April 8, 2007

WHAT BECOMES OF THE BROKEN-HEARTED?:

Lessons of heart disease, learned and ignored (Gina Kolata, April 8, 2007, NY Times)

What few patients realize, Dr. Antman said, is that a serious heart attack is as much of an emergency as being shot.

"We deal with it as if it is a gunshot wound to the heart," Dr. Antman said.

Cardiologists call it the golden hour, that window of time when they have a chance to save most of the heart muscle when an artery is blocked.

But that urgency, cardiologists say, has been one of the most difficult messages to get across, in part because people often deny or fail to appreciate the symptoms of a heart attack. The popular image of a heart attack is all wrong.

It's the Hollywood heart attack, said Dr. Eric Peterson, a cardiologist and heart disease researcher at Duke University.

"That's the man clutching his chest, grimacing in pain and going down," Dr. Peterson said. "That's what people imagine a heart attack is like. What they don't imagine is that it's not so much pain as pressure, a feeling of heaviness, shortness of breath."

Most patients describe something like Mr. Orr's symptoms -- discomfort in the chest that may, or may not, radiate into the arms or neck, the back, the jaw, or the stomach. Many also have nausea or shortness of breath. Or they break out in a cold sweat, or have a feeling of anxiety or impending doom, or have blue lips or hands or feet, or feel a sudden exhaustion.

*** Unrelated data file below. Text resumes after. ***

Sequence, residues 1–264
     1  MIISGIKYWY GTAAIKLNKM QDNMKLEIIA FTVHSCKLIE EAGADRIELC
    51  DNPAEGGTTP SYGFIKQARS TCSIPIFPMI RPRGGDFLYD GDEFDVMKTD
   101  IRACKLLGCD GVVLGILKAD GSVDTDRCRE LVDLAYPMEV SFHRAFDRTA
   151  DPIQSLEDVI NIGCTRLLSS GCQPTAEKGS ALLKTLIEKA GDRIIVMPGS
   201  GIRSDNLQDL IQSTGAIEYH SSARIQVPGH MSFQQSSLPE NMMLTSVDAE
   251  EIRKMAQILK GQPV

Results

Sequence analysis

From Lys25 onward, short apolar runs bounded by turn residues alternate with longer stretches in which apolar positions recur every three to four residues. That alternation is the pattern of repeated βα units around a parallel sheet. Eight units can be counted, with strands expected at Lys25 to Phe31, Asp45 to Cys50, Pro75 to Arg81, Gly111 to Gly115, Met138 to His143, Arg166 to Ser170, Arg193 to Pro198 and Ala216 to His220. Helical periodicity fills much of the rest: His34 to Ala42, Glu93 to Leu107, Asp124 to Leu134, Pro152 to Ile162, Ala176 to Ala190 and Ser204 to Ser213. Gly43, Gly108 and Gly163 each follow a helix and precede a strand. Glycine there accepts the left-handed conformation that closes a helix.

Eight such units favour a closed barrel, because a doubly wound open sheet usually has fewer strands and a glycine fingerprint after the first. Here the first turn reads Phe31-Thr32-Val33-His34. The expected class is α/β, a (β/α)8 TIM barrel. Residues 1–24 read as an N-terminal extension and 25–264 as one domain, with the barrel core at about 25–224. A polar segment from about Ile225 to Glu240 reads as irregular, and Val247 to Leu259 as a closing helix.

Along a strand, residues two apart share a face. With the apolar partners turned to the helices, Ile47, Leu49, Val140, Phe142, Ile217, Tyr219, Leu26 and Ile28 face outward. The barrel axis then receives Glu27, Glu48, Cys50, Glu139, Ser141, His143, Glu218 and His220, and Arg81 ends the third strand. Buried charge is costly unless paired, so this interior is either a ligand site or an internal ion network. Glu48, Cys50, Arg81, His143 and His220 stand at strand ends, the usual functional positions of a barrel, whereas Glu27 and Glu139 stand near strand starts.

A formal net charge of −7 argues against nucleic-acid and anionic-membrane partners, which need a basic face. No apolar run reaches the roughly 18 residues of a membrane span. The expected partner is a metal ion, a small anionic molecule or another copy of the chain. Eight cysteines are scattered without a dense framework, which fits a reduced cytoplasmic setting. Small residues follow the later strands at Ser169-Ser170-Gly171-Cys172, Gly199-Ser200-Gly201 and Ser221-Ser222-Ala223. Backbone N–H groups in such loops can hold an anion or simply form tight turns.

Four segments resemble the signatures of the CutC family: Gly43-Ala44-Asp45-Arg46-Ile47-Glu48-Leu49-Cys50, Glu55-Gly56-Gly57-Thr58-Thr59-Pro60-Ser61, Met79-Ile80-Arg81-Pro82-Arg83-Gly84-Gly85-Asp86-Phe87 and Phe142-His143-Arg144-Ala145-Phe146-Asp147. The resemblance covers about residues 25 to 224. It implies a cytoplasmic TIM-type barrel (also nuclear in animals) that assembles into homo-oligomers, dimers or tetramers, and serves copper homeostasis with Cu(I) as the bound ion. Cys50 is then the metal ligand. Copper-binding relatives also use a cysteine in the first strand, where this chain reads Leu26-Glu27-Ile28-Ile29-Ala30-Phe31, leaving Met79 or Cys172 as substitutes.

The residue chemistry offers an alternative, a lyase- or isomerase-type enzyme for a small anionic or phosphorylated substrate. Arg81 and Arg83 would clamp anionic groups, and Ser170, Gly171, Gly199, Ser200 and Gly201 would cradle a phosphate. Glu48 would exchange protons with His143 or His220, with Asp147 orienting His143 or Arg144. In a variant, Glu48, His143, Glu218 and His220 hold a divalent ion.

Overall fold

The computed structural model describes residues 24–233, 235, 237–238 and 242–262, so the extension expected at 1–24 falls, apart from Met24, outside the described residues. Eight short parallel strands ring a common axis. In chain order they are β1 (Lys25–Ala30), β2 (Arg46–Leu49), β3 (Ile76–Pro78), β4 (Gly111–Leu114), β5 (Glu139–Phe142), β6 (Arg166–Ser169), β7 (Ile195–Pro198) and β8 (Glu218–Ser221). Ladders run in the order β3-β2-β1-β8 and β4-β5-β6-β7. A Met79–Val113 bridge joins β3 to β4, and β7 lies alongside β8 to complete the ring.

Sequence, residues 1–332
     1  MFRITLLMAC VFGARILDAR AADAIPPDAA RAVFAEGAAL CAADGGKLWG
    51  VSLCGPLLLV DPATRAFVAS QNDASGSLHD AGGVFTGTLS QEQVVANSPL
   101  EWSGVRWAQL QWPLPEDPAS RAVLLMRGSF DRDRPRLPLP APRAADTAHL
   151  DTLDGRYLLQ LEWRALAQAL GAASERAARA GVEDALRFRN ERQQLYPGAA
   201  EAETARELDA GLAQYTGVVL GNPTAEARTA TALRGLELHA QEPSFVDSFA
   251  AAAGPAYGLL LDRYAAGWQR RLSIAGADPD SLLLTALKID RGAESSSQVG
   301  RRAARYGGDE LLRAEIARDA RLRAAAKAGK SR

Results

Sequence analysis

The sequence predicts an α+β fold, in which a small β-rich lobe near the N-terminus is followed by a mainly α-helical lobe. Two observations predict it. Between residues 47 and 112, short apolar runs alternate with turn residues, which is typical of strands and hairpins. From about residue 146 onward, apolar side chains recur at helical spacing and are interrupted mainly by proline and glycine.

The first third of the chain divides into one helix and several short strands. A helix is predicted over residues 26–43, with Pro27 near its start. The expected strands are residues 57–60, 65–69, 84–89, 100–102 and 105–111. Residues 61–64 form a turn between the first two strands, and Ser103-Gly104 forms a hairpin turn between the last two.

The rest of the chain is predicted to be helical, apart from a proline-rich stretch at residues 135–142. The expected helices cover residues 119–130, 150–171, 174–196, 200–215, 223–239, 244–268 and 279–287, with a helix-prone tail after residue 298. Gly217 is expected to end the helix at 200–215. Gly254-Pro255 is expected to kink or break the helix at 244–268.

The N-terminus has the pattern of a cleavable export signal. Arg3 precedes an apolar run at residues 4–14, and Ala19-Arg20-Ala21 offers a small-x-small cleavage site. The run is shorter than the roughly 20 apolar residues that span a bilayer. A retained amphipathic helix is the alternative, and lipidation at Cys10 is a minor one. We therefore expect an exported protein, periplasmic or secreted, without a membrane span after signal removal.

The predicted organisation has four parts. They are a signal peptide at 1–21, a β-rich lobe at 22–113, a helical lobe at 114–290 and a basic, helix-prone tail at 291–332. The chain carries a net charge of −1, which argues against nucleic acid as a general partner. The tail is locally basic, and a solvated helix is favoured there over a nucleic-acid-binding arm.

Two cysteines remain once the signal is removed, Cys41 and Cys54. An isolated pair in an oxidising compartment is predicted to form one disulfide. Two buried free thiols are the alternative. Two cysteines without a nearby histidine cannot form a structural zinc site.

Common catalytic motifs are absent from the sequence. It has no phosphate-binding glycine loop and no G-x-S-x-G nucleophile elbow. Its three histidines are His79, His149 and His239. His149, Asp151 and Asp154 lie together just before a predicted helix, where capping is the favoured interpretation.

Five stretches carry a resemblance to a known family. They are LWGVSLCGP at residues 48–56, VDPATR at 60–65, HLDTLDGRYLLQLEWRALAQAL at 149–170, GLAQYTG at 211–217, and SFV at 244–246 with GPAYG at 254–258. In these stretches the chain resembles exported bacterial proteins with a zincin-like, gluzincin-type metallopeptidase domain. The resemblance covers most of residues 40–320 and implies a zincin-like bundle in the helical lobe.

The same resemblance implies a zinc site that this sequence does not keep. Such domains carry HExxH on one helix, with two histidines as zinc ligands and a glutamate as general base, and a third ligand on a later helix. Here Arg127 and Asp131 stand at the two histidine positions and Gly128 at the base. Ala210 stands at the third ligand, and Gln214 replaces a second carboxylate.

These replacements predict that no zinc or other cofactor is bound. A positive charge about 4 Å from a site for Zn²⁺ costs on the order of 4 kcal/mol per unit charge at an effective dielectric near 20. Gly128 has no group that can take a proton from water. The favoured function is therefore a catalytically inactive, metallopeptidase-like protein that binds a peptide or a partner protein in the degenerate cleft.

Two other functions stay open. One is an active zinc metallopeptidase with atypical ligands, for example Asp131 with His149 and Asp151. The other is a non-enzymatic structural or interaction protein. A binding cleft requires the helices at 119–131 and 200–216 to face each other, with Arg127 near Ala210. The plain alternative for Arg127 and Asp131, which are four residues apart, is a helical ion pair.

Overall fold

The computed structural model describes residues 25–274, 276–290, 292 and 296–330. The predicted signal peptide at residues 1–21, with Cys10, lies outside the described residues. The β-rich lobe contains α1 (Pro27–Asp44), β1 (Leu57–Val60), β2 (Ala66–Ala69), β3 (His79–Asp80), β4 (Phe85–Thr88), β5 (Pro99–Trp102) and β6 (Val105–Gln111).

But symptoms often are less distinctive in elderly patients, especially women. Their only sign may be a sudden feeling of exhaustion just walking across a room. Some say they broke out in a sweat. Afterward, they may recall a feeling of pressure in their chest or pain radiating from their chest but at the time, they say, they paid little attention.

Patients with diabetes might have no obvious symptoms at all other than sudden, extreme fatigue. It's not clear why diabetics often have these so-called silent heart attacks -- one hypothesis attributes it to damage diabetes can cause to nerves that carry pain signals.

"I say to patients, 'Be alert to the possibility that you may be short of breath,' " Dr. Antman said. "Every day you walk down your driveway to go to your mailbox. If you discover one day that you can only walk halfway there, you are so fatigued that you can't walk another foot, I want to hear about that. You might be having a heart attack."

Other times, said Dr. George Sopko, a cardiologist at the National Heart, Lung and Blood Institute, symptoms like pressure in the chest come and go. That is because a blood clot blocking an artery is breaking up a bit, reforming, breaking and reforming. It was what happened to Mr. Orr when he was at the gym and meeting his friend afterward.

"It's a pre-heart attack," Dr. Sopko said. A blood vessel is on its way to being completely blocked. "You need to call 911."

But most people -- often hoping it is not a heart attack, wondering if their symptoms will fade, not wanting to be alarmist -- hesitate far too long before calling for help.